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Suppose we have a sufficiently nice (example below) pathwise connected topological space $X$ with a double cover $\pi : \widetilde X \to X$. There is an associated free $\mathbb Z_2$-action on $\widetilde X$ interchanging the sheets of the cover; denote by $\iota : \widetilde X \to \widetilde X$ the map corresponding to the nonzero element of $\mathbb Z_2$. The question is: under which conditions is $\iota$ detectable by its action on the homology of $\widetilde X$, $\iota_* : H_*(\widetilde X) \to H_*(\widetilde X)$? In other words, when is $\iota_*$ not the identity? And when it is not, how can one compute the $\pm 1$-eigenspaces of $\iota_*$?

(The coefficients may be freely chosen to give the "best" answer possible.)


1) If $\pi$ is the trivial covering, $\widetilde X$ is the disjoint union of two copies of $X$ and therefore $H_*(\widetilde X) = H_*(X) \oplus H_*(X)$. The action of $\iota_*$ is by interchanging the summands and therefore it is detectable.

2) If $X = \widetilde X = S^1$ and $\pi$ is the unique nontrivial double covering, then $\iota$ is isotopic to the identity on $S^1$ and therefore acts trivially on $H_*(S^1)$.

3) If $X = \mathbb R P^2$, $\widetilde X = S^2$ and $\pi : \widetilde X \to X$ is the orientation covering, then $\iota$ acts as the antipodal map on $S^2$. The map $\iota_*$ acts trivially on $H_0(S^2)$ but on $H_2(S^2;\mathbb Z) = \mathbb Z$, for example, it acts as the multiplication by $-1$.

4) The real example I have in mind is as follows. Let $M$ be a smooth manifold, $L \subset M$ a smooth submanifold, and assume for simplicity both are closed and connected. Fix a point $x_0 \in L$, and let $X$ be the space of smooth maps $(D^2, \partial D^2, 1) \to (M,L,x_0)$, representing $0 \in \pi_2(M,L,x_0)$. Here $D^2 \subset \mathbb C$ is the closed unit disk. There is an isomorphism $\pi_1(X,x_0) \simeq \pi_3(M,L,x_0)$ ($x_0$ being the constant map, of course). Suppose $\widetilde X$ is the double cover corresponding to a real line bundle whose first Stiefel-Whitney class is given by a homomorphism $w : \pi_3(M,L,x_0) \to \mathbb Z_2$ (in view of the above isomorphism this is equivalent to specifying a class in $H^1(X;\mathbb Z_2)$). What can be said about this example?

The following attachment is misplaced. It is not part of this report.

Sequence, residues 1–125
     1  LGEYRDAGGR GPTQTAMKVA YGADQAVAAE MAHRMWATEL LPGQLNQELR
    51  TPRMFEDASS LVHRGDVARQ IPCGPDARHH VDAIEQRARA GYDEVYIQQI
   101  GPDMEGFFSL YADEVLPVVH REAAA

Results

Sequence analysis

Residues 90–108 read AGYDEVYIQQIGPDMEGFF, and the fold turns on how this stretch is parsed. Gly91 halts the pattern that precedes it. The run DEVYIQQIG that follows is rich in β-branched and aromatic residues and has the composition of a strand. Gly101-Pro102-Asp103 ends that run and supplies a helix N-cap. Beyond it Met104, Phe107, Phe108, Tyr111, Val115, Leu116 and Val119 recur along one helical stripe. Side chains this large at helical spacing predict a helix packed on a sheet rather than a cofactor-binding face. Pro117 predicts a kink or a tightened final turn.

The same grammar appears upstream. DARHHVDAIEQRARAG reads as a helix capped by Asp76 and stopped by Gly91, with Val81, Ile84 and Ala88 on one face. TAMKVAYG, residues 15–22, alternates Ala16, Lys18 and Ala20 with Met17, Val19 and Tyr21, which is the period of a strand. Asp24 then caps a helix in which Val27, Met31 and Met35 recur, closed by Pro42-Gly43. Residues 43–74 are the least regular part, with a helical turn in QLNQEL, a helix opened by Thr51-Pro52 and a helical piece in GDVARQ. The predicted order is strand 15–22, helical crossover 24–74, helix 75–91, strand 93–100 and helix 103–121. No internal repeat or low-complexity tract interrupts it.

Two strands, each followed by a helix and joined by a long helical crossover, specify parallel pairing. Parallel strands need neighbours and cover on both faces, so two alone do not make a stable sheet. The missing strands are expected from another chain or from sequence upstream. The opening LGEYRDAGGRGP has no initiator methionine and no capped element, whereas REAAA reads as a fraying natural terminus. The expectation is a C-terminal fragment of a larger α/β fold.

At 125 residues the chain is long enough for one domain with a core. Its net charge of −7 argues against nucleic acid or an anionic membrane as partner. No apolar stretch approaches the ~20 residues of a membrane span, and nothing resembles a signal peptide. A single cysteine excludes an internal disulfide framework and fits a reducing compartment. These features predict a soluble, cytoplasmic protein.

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As a generalization of (3), homology detects the involution on the orientation double cover of any closed manifold. –  Eric Wofsey Sep 9 '13 at 0:57

2 Answers 2

Here's something you can say. Recall (Hatcher 3G.1) that if $G$ is a finite group and $\pi : X \to X/G$ a covering map associated to an action of $G$ on a space $X$, then over a field $F$ of characteristic $0$ or not dividing $|G|$ the transfer map $H^k(X/G, F) \to H^k(X, F)$ (given by sending a singular simplex in $X/G$ the sum of its $|G|$ distinct lifts in $X$) is injective and has image precisely the fixed subgroup $H^k(X, F)^G$.

In particular, letting $F = \mathbb{Q}$, if $X$ has finitely generated homology and $G$ acts trivially on the homology of $X$ then $X$ and $X/G$ have the same Euler characteristic, as in your example 2). Taking the contrapositive, if $X$ has finitely generated homology and $\chi(X) \neq \chi(X/G)$ then $G$ can't act trivially on the homology of $X$, as in your example 3). Unfortunately I have no idea if your spaces have finitely generated homology.

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Like Qiaochu says, if you use a field of characteristic $\not= 2$ as coefficients then the cohomology of the base is simply isomorphic to $+1$ eigenspace of the cohomology the double cover. I don't know about the specific application you have in mind in 4), but generally you can also get some useful information about the cohomology with $\mathbb{Z}_2$ coefficients by applying the Gysin sequence for a 0-dimensional sphere bundle (unoriented, unless the double cover is trivial). This gives a long exact sequence

$$ H^0(X; \mathbb{Z}_2) \stackrel{\pi^*}{\to} H^0(\widetilde X; \mathbb{Z}_2) \stackrel{I}{\to} H^0(X; \mathbb{Z}_2) \stackrel{\cup\, w_1}{\to} H^1(X; \mathbb{Z}_2) \cdots ,$$

where $I$ is fibrewise integration, and the snake maps are cup product with the Stiefel-Whitney class of the line bundle corresponding to the cover. Note that $\pi^* \circ I$ equals $1 + \iota^*$ on $H^k(\widetilde X; \mathbb{Z}_2)$. This can be useful for instance for understanding whether the integral cohomology $H^k(\widetilde X; \mathbb{Z})$ is spanned by the $\pm 1$ eigenspaces of $\iota^*$ or whether their direct sum has some coquotient $\mathbb{Z}_2^r$.

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